US authorities seized the phone spoofing site, iSpoof.com. The site offered to call any number and pretend to be someone else with a prepaid calling card. Today, federal agents raided both their company headquarters and the home of the website’s owner, seizing all of their assets worth more than $3 million US dollars.
The website was not only used by pranksters but also by scam artists wanting to prevent law enforcement officials from finding out who they are by making it seem like they’re calling from a different location or using a different phone number.
The owner of the site, Jimmy Kou, has been charged with wire fraud. The owner of iSpoof.com – a telecommunications company called WorldTel – also was charged with wire fraud.
A press release from the US Attorney’s Office reads as follows:
“United States v. Jimmy Steven Kou, No. 3:11-cr-10049 (SOU), was filed in the United States District Court for the Southern District of Florida on February 7, 2011”
“[James Steven Kou] is a former Florida resident who operated the telephone number spoofing website, iSpoof.com (iSpoof), and conducted fraudulent telemarketing activities through that site. Defendant sold ‘prepaid calling cards’ to consumers that allowed them to make international calls. Defendant has been charged in an unrelated indictment with using his company, WorldTel, Inc., to sell the calling cards to consumers in Florida. As part of his operation of iSpoof, defendant falsely claimed that the card had been activated through AT&T and that calls placed through the phone number spoofing service would be charged at AT&T rates rather than the rates indicated on the card. The charges listed on these ‘prepaid calling cards’ were fictitious and never actually existed.”
“[James Steven Kou] used iSpoof to engage in fraudulent telemarketing activities on behalf of WorldTel and another company, based out of New York City. Defendant, as iSpoof’s operator, obtained consumers’ phone numbers by posing as an AT&T customer service representative.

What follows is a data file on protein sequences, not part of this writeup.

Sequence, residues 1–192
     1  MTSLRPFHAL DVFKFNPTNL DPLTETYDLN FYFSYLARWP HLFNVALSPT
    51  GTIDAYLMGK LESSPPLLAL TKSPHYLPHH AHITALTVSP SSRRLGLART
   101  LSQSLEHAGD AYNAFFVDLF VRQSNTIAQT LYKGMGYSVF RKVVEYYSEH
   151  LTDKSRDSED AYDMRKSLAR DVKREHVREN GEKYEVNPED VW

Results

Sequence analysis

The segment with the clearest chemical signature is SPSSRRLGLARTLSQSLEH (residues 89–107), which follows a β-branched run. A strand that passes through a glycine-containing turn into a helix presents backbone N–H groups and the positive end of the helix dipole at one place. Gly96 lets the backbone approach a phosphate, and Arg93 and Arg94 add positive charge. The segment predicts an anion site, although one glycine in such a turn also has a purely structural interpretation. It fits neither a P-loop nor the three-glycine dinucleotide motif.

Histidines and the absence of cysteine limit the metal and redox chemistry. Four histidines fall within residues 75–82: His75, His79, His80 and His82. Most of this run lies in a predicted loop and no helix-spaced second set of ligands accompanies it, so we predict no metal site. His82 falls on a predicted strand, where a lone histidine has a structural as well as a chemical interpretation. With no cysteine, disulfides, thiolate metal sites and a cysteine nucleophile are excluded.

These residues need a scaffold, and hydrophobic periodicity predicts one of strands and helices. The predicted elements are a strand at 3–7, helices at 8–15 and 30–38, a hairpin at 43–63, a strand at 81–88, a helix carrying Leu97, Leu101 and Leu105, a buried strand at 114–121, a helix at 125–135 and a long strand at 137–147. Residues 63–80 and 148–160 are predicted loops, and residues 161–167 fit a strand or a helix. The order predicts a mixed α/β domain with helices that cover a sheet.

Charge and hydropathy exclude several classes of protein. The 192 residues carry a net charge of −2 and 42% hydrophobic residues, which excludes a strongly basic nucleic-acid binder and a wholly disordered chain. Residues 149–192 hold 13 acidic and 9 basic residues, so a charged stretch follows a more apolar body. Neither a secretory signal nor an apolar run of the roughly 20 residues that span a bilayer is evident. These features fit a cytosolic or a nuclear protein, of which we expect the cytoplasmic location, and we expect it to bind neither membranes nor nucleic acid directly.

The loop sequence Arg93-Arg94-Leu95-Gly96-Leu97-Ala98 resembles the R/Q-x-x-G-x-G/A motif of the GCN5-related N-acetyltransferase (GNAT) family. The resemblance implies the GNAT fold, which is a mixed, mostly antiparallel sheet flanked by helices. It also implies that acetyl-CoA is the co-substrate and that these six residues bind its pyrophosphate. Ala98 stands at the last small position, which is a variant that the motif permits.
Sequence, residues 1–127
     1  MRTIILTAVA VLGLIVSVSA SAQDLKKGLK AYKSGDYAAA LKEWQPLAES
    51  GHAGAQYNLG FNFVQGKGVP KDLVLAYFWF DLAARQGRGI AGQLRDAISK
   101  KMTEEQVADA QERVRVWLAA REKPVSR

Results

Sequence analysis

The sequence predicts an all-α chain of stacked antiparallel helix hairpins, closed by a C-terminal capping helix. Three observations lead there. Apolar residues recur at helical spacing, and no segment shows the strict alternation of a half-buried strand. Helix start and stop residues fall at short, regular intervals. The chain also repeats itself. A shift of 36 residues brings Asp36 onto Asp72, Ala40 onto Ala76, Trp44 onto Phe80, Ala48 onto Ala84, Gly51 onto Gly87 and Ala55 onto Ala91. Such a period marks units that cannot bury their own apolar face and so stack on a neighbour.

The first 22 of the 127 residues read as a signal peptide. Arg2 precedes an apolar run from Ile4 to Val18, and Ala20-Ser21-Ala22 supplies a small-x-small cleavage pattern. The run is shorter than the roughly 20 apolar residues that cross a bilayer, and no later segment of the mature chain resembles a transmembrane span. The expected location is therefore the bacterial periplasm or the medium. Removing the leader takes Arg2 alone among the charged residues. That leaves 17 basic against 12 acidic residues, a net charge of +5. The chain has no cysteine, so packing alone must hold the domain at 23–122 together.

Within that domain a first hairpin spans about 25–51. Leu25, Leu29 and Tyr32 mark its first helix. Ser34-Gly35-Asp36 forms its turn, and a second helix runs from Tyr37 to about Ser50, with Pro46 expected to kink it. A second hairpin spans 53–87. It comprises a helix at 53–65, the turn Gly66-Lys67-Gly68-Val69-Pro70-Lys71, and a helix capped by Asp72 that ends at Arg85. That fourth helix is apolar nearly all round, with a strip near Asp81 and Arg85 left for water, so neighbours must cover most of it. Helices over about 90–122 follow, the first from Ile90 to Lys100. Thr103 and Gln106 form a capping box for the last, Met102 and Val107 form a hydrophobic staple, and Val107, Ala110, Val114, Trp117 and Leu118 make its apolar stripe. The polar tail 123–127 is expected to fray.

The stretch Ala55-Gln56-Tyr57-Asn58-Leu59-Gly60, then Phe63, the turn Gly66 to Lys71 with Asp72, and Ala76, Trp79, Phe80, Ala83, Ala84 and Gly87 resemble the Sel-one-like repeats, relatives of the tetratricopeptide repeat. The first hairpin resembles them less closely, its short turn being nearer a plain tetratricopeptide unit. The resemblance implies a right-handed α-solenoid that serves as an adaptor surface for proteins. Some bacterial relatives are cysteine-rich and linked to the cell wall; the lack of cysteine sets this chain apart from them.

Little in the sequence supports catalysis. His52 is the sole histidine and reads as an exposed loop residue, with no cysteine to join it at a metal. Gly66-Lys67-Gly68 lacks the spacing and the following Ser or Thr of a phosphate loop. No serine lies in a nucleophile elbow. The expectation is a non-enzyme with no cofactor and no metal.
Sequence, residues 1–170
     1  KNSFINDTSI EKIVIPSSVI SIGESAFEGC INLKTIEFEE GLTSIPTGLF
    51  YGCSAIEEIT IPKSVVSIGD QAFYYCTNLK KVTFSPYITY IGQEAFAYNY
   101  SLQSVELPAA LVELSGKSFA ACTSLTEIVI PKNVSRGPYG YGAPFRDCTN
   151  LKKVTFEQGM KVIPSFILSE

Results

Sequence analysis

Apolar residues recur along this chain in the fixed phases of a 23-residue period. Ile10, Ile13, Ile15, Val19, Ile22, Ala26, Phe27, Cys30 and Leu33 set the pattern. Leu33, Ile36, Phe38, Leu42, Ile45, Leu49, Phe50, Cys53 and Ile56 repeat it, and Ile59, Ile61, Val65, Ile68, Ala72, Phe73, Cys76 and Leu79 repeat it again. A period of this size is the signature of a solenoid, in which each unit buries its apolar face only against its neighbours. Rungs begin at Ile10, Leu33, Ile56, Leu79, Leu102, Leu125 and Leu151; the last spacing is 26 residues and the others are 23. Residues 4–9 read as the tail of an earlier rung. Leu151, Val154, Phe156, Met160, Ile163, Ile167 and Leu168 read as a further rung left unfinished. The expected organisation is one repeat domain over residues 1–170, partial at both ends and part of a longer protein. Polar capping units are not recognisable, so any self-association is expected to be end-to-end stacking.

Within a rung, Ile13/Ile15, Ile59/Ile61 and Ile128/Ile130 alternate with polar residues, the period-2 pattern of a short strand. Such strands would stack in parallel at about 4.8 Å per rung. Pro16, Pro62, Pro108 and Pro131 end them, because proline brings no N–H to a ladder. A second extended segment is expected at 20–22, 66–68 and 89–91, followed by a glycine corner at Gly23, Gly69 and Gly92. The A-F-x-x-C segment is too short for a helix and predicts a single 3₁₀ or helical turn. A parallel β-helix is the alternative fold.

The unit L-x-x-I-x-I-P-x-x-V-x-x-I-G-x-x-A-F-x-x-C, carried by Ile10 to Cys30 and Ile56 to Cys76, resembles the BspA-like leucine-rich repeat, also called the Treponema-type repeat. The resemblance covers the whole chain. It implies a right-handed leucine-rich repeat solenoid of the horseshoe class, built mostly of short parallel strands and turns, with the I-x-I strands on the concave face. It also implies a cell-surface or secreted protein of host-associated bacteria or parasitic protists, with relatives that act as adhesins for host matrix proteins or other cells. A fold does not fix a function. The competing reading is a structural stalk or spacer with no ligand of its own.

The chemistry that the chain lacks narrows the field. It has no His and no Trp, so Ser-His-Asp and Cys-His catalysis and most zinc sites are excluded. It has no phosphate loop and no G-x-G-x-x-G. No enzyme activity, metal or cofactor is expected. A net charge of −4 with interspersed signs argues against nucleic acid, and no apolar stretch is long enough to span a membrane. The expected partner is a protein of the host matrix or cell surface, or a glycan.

He then sold the consumer’s phone number to WorldTel, which in turn sold the consumer’s number to the New York company. Defendant obtained checks from WorldTel for payment of premium-rate telephone services and deposited them into his personal bank account, expecting to receive payouts from WorldTel for the sale of telemarketing services.”
“[James Steven Kou] initially told his victims that he needed their phone numbers so that he could remove ‘harmful’ information from their computers. If the victims refused to provide their phone numbers, defendant told them they would have to pay approximately $300 in order to get the ‘harmful’ information removed. Defendant and WorldTel also used iSpoof to obtain or attempt to obtain money from victims by falsely stating that they were calling on behalf of companies such as Microsoft and AOL, or government agencies such as the IRS or police departments.”
“[James Steven Kou] continued this fraudulent activity until September 2009, when he was indicted for his role in an unrelated advance fee scheme involving WorldTel and iSpoof. In that scheme, defendant promised consumers a refund if they purchased an ‘iVirus’ from one of his websites and indicated that their computers were infected with a virus.